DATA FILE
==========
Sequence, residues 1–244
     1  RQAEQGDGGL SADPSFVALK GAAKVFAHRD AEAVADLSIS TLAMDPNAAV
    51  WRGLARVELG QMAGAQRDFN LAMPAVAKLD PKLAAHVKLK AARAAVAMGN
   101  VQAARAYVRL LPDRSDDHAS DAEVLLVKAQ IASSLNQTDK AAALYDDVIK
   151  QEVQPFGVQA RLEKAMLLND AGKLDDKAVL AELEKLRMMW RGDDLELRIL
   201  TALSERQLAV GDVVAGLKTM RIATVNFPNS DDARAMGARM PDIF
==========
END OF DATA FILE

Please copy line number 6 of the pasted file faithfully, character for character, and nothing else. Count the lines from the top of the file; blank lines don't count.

   201  TALSERQLAV GDVVAGLKTM RIATVNFPNS DDARAMGARM PDIF